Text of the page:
A Boat on the Side

Selkie – Our New Starlet!

Last week we were commissioned to design and build a superlight tender for a Scintilla 24 - her owner was looking at those amazing cloth bound skeleton boats.

The idea of course is a modern take on an ancient method used by various sailors through the centuries. Both the Welsh coracles and Irish curraghs, for instance, utilise a light wicker or timber framework with tarred or tanned hide or cloth as a skin. The modern versions use a similar method, substituting cedar and chemically treated shrink wrapped cloth.

The skeleton boats are marvelously light but to me, somewhat disconcerting to use so I suggested a cedar/ply/foam alternative that would come close to their weight and be capable of taking the everyday knocks and scrapes encountered on a day in the life of the working tender.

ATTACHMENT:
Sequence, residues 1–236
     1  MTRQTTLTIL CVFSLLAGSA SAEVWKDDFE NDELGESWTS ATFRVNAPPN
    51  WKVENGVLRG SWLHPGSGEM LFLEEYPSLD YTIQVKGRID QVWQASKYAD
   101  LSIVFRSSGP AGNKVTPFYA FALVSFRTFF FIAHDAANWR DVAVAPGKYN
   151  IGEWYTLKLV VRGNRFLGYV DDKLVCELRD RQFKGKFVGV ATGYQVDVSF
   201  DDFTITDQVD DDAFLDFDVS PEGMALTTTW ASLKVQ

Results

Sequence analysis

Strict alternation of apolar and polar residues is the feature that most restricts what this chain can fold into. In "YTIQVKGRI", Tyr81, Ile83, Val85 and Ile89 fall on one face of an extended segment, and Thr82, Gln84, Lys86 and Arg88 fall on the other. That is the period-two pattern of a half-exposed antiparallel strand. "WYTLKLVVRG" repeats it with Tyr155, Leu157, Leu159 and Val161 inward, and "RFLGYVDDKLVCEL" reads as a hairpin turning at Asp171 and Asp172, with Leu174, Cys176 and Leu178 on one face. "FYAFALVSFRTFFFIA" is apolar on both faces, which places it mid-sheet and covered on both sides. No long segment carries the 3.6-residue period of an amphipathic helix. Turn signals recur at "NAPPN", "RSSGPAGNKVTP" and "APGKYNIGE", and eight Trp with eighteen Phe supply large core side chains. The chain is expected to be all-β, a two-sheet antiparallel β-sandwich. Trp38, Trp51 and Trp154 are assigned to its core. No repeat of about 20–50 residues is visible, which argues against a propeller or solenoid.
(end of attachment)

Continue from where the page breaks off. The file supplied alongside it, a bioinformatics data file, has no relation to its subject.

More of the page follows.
The client wanted a seven-footer, I wanted an eight for aesthetic and practical reasons so I suggested one at 7’6” which was accepted so off I went.

The little boat proceeded rapidly and as I write she’s had her chines built up, faired and fibreglassed with the first coats of primer going on the hull today.

I’m thinking of doing a kit for maybe six or seven hundred dollars with a finished boat for around four thousand. If you’re interested, let me know.

The new model is called Selkie – well chosen by her owner. She can be rowed or electric outboarded but I’m also designing a simple lug rig for her.

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